The European Commission has warmly congratulated the EU Council of Ministers for adopting, on 14 February, the Directive on Copyright, a Draconian, industry-accommodating law which harmonizes all EU Member States' copy regs to the constipated level preferred by multinational entertainment corporations.
Like the American Digital Millennium Copyright Act (DMCA), the Directive makes an absolute mockery of fair use, creating specific exceptions only for libraries and schools, and placing the entire process of making source material available in the hands of the copyright owners.
This, the Commission bleats repeatedly, is its idea of a "balanced compromise." Just how beautifully balanced we are invited to consider, presumably with admiration:
"Firstly, right-holders have complete control over the manufacture, distribution, etc. of devices designed to circumvent anti-copying devices. A more flexible solution in this regard would have carried a greater risk of abuse and piracy."
That's some fine balance there, all right: "complete control." What this would mean in practical terms is really quite simple: no more independent criticism of copyrighted digital works, period.
Imagine, for example, that one has a Web site offering truly independent film reviews (i.e., not just some industry-sanctioned promotional operation masquerading as such). One would naturally wish to pull out a clip or two, which could be viewed in connection with reading the review, to support the theme of one's critique.
This would normally be considered fair use, so long as the clips are short and relevant to the article. But we can forget about that now. Just as with the DMCA, it's impossible for a reviewer to legally reproduce a snippet from a DVD because it's a crime to break the encryption.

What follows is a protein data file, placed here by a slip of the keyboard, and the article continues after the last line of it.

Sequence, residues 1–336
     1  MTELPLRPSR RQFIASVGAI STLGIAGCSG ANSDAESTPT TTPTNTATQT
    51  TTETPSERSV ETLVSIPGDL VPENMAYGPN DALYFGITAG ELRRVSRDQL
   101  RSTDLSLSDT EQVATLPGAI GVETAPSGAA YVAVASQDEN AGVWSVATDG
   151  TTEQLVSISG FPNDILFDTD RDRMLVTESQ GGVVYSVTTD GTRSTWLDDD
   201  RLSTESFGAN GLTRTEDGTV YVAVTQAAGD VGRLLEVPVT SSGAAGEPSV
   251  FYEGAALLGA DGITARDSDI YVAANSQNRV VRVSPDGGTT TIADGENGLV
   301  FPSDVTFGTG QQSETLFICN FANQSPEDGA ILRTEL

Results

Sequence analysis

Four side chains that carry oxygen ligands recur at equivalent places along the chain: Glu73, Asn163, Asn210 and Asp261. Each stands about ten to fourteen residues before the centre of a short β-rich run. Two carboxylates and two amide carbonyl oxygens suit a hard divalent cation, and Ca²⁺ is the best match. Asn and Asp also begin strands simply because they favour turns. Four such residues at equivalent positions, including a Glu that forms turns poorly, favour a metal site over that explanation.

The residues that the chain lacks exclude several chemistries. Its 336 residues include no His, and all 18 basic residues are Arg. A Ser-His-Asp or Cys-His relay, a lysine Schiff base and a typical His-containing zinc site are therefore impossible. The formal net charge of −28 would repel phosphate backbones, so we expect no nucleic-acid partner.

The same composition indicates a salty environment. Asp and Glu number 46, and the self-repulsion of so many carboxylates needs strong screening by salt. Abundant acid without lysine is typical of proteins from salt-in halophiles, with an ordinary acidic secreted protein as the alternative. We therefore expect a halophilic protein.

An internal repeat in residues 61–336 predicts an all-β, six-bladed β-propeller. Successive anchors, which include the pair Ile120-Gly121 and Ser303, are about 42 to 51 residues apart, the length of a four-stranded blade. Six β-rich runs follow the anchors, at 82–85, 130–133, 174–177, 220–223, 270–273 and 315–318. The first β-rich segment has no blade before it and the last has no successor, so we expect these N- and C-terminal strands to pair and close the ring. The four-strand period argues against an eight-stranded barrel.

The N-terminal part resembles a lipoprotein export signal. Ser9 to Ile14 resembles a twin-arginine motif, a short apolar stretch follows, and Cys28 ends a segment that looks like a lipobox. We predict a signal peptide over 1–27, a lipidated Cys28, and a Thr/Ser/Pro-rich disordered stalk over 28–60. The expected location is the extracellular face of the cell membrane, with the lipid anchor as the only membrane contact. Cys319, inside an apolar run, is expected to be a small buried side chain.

And there goes any semblance of independent criticism. The studios will control just what bits will be available, and to whom; and we can be certain that these will always be the most flattering, interesting, attractive bits, made available only to those reviewers who avoid negative reports.
In other words, unless you're willing to upload a movie's promotional trailer and insist it's really swell, you're going to have to break the law. Neat, huh?
And how's this for balance: "as far as private copying is concerned, the quality and quantity of private copying and the growth of electronic commerce all mean that there should be greater protection for right-holders in digital recording media (whereby unlimited numbers of perfect copies may be made rapidly)."
We see the same argument in the DMCA -- that digital media are so susceptible to mass pirating that all civilized concepts of fair use and personal archiving simply have got to be discarded -- and of course this is as it should be. The same ruthless gang of entertainment industry flacks, lawyers and lobbyists who wrote the DMCA also wrote the Directive.
And here the 'balance' you've no doubt been waiting impatiently to learn about comes in to play; but, predictably, it's been placed exclusively in industry hands: "in certain limited cases where right-holders have made the means available," we are assured, "private copying may be carried out."
And just in case the legislature of any Member State wishes to delight its corporate overlords even further, all exceptions to the industry death-grip on content may be dismissed as needed to achieve sublime harmony between Big Biz and the politicians who feed at its trough.
Hence, "there is now a detailed exhaustive list of exceptions to the reproduction right and right of communication to the public," we're told.
"All are optional, and Member States may choose to apply [or reject] any or all of these exceptions. However, the list is exhaustive which means that no other exceptions [like real ones, say] may be applied."
"This proved controversial," the EC allows. "Therefore, a 'grandfather clause' has been included which allows Member States to continue to apply existing exceptions in minor cases for analogue (not digital use) only."
How very magnanimous of them. ®